The Old Man is about a small girl, having an ordinary school day, meets a homeless person who is trying to survive another bleak day on the streets.
This is a timely publication and a profoundly moving read. An old man is homeless. His memory is deteriorating. As the pages unfurl, we see a gentle person, embarrassed by his condition, who blushes ‘beneath his beard’ when a child points out that he ‘stinks’. We notice his kindness to animals. We observe his gratitude for sweet water from a fountain and scraps of discarded food. He is slipping through the cracks of the bureaucratic welfare system. At a homeless peoples’ shelter, he cannot remember his name, so it is ‘easier to leave’. And then he meets the little girl.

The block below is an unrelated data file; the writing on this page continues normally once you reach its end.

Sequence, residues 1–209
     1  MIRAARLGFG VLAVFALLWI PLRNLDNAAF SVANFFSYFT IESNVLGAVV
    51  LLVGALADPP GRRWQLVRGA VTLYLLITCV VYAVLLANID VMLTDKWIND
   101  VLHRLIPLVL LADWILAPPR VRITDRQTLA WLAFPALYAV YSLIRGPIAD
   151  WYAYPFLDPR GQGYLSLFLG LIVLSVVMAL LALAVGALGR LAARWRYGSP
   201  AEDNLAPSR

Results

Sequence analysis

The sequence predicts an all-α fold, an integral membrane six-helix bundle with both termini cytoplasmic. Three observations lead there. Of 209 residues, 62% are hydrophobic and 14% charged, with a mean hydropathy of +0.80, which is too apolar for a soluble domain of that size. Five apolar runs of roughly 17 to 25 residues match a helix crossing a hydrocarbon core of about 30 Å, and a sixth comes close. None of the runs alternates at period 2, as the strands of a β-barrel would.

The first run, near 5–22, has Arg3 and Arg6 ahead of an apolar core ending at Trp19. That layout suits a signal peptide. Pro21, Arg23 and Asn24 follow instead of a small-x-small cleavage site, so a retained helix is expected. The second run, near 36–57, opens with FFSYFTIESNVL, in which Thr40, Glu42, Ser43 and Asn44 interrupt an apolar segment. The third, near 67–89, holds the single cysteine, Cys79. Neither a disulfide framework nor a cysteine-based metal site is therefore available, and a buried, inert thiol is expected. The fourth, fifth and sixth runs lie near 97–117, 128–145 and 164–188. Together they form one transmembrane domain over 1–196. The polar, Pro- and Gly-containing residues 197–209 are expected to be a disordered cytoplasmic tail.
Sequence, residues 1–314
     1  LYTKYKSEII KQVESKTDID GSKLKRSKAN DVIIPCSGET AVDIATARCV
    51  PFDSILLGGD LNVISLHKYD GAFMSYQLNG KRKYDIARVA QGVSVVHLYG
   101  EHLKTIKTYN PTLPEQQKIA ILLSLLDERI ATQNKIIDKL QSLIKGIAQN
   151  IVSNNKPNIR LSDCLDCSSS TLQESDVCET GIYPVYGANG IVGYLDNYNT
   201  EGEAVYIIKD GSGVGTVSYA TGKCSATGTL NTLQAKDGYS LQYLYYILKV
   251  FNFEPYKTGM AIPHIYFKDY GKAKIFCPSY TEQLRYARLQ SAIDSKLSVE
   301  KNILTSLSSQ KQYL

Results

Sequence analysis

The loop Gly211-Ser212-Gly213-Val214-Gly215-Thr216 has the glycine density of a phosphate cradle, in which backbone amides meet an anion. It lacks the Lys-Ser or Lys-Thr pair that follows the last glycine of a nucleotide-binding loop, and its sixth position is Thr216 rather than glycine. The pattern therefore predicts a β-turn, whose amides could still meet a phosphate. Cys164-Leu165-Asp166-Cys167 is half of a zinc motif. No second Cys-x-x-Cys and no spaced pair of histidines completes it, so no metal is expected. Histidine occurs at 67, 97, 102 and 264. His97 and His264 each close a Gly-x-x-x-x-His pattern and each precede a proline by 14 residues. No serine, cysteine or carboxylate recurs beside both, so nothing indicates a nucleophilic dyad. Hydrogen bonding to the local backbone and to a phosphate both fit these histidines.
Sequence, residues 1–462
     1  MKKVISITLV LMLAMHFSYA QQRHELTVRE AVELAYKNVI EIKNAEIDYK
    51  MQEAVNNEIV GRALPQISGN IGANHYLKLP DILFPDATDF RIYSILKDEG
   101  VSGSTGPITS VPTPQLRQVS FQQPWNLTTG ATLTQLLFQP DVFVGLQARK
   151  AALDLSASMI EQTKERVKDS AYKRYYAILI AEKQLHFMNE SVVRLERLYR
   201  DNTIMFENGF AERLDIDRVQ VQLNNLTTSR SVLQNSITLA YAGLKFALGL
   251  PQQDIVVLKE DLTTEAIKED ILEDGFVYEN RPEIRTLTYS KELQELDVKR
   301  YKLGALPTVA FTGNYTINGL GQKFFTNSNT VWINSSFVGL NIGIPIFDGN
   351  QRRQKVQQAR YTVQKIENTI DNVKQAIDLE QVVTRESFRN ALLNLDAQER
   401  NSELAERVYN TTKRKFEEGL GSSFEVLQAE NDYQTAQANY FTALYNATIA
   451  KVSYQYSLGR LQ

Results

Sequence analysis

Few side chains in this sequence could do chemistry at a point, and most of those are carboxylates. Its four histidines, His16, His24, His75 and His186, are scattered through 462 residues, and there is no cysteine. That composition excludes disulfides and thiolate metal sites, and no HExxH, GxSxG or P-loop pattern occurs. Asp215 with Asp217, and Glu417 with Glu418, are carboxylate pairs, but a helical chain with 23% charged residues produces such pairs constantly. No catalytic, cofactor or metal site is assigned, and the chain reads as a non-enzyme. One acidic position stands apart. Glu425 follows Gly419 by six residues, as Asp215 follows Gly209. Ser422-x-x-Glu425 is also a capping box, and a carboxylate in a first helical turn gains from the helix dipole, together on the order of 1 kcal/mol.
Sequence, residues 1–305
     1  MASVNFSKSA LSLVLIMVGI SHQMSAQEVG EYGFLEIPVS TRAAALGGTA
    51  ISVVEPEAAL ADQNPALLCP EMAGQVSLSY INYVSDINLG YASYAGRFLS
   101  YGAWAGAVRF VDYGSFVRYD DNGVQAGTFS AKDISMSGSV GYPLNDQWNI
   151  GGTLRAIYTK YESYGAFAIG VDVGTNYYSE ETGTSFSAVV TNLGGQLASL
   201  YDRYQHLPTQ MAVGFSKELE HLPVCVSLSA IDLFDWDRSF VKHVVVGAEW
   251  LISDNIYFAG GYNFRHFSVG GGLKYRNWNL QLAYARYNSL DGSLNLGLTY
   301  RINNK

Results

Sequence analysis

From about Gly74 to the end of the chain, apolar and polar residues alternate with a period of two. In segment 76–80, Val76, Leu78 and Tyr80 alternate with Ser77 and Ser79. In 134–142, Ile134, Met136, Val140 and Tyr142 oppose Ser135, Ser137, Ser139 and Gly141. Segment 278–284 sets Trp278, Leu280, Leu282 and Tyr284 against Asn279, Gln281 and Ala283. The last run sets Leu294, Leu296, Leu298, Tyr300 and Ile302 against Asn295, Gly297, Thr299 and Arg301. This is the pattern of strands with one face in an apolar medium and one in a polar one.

The language is simple and quiet, and the watercolour and pencil illustrations are superbly atmospheric. The story is haunting, and we are left with so many questions as to who, how and why. We learn that small acts of kindness and humanity matter. We see the importance of a name, and how, as human beings, we can help define or eradicate another’s identity. The Old Man would make an excellent classroom resource for ‘Critical Thinking and Book Talk’ for children from five years upwards.
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